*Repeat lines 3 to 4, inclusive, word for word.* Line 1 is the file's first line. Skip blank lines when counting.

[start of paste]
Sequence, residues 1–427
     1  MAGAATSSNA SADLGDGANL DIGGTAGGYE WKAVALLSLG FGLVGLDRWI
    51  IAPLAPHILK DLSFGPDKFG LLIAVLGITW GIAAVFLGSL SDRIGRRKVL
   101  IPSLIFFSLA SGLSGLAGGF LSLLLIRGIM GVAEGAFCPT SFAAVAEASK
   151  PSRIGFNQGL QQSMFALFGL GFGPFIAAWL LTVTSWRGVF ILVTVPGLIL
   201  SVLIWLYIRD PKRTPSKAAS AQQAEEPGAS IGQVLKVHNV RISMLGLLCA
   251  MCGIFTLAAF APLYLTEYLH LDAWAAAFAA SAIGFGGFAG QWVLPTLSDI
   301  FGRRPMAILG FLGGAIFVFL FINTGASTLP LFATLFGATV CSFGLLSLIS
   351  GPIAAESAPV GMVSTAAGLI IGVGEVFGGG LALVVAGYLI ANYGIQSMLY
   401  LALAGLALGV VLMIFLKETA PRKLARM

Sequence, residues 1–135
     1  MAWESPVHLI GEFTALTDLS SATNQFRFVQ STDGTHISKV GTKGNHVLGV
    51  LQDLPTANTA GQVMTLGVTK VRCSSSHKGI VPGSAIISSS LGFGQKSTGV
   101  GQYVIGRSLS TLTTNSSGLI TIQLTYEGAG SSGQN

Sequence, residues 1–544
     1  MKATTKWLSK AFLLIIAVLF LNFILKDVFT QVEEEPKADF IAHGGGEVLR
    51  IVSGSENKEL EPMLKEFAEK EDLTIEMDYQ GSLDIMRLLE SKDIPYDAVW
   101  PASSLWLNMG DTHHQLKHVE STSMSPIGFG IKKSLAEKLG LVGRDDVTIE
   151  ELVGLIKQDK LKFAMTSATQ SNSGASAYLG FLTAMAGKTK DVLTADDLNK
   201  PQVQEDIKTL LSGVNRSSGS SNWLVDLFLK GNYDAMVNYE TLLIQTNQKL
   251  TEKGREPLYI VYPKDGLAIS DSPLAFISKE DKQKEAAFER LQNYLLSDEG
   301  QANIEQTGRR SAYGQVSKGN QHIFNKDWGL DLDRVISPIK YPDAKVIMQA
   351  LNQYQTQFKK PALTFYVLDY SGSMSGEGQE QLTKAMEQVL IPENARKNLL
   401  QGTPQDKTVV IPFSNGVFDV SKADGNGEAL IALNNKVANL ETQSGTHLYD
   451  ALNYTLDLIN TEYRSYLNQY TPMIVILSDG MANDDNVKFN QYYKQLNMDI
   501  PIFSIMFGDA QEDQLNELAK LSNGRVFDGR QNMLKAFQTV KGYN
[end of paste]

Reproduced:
    51  IAPLAPHILK DLSFGPDKFG LLIAVLGITW GIAAVFLGSL SDRIGRRKVL
   101  IPSLIFFSLA SGLSGLAGGF LSLLLIRGIM GVAEGAFCPT SFAAVAEASK